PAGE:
And that’s the beginning of the road to diagnosis and treatment. I firmly believe that they should do screenings in the hospital before the mothers are even allowed to leave. Then, I think it should be a part of the six week workup. There is no reason that new mothers and their children should have to suffer from maternal depression and / or psychosis. I never alienated my son, but my husband took the brunt force of everything I held back from T.D. It wasn’t fair or right in any way. If health care professionals were a little more mindful, all of that may never have happened.

You’re absolutely right – they should do screenings in the hospital and then check in with anyone at risk every two weeks for at least eight weeks postpartum.

Thanks so much for sharing your story. Although I was first diagnosed about eight years prior to becoming pregnant, we have had very similar experiences. Pregnancy was wonderful mood-wise. People would always tell me I was a lot funnier and happier while pregnant. The physical aide of the pregnancy was a nightmare, though (pre-term labor nine times). I’ve always wondered if the preexisting chemical imbalance had anything to do with the physical side of things being so horrible. The mental BS started the day I came home from the hospital. I sat up and cried all night long and then became full-on manic. When you sought help, did you start with your OBGYN or did you head straight for a mental health professional? I made the mistake of starting with my OB. I figured she would be the obvious Dr. to know something about treating postpartum depression, right? Well, she put me on Prozac and boy, did I get worse from there. It took me two years to get straightened out from childbirth and the incorrect postpartum treatment that came after.

So, I have to ask – and don’t feel obligated to answer. Do you think you were Bipolar before your pregnancy or did pregnancy tip you over the edge?

I went straight to the mental health professionals. Since I already had an MDD diagnosis, I knew that there was something worse than that going on.

I likened it to the raging emotions of my teen years. It felt exactly the same. Except, I was not quite as violent. The aggressive tendencies were what scared me the most. I knew it needed immediate attention.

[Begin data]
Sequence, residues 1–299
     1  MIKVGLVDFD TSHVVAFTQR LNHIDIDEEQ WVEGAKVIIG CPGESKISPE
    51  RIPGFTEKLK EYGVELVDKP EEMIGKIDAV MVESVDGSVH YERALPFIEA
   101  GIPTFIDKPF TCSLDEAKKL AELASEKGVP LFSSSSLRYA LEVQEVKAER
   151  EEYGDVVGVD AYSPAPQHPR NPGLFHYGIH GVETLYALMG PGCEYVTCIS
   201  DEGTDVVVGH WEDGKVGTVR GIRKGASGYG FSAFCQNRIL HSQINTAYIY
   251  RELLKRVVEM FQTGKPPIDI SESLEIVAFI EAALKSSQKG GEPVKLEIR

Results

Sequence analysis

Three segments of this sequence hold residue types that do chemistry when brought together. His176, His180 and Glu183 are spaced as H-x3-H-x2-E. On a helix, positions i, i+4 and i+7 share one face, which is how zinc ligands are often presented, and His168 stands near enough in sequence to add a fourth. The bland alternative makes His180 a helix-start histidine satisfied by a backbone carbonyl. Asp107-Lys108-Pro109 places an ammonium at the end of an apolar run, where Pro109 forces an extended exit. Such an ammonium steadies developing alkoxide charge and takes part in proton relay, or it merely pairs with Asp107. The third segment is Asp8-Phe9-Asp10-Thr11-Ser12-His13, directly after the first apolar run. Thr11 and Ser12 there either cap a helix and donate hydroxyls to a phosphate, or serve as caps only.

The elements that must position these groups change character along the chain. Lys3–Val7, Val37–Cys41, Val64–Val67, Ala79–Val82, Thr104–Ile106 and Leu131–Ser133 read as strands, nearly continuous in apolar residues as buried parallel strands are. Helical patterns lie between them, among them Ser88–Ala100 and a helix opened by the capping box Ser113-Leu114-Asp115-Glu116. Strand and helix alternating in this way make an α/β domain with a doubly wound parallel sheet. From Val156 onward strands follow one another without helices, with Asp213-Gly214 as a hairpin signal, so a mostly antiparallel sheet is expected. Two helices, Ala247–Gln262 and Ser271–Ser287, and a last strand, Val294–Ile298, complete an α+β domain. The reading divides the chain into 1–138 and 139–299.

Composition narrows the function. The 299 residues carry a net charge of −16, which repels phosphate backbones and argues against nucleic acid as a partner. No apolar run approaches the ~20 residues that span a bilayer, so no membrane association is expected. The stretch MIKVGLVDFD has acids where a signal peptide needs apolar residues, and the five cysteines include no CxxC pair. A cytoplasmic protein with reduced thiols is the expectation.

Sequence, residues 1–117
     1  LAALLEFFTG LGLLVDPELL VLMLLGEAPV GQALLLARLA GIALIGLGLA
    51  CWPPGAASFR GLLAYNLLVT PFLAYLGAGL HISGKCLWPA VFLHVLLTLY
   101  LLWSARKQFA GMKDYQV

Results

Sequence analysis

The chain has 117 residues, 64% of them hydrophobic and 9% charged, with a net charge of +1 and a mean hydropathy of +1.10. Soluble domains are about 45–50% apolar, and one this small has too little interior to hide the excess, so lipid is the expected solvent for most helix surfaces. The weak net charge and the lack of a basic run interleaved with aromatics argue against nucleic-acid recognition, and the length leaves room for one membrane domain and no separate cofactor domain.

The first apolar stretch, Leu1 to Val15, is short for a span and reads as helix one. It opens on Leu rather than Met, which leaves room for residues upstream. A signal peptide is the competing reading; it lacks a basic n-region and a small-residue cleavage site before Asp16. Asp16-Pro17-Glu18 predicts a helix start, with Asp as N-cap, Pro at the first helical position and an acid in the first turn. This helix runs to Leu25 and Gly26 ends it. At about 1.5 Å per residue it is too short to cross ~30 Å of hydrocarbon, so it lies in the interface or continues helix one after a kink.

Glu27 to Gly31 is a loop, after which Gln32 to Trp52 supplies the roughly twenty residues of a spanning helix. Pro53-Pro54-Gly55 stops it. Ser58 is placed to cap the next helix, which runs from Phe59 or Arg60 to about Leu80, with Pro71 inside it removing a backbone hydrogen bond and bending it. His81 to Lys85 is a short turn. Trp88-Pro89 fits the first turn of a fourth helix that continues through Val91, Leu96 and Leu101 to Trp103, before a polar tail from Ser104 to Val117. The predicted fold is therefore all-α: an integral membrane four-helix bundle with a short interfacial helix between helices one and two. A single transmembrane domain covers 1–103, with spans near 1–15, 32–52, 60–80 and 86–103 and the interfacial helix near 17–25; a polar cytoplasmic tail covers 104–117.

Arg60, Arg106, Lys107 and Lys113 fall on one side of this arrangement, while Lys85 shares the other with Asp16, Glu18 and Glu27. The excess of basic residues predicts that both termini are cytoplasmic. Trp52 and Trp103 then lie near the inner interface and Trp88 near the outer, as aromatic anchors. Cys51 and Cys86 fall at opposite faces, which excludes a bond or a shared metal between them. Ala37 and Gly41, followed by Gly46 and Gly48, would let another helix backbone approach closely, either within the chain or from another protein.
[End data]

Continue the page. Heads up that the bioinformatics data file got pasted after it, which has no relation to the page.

The good news is because I already carried and MDD Dx, they could immediately rule it out. I had already been through years of ineffective treatment.

Here’s the thing. When I was in college, one of my classes was called, “Abnormal Human Behavior”. It was a class on the most common adult psychiatric disorders. At the end of the class, we were required to write a case study. I wrote mine on myself. At the time, I determined I was BP II. She agreed with me. I didn’t really take it seriously. Bipolar II, *scoff* big deal!

I had forgotten all about it until i was doing some screenings online while I was waiting to see a doctor. I realized that BP II fit everything. That’s why the Dx didn’t bother me. It was actually kind of a relief. I knew I was finally going to get the right treatment to help me.

In a way, I wish I had known the seriousness of the suspicion of BP really was. In the class, we covered symptoms, but not the reality of the illness. But, had I known, I may not be in the position I’m in today. I like where I’m at. So, I wouldn’t take anything back at all.

But, the screening should be standard. It would significantly reduce the ill effects of postpartum depression / psychosis. I would never harm my child. But, not all mothers end up that way. Andrea Yates?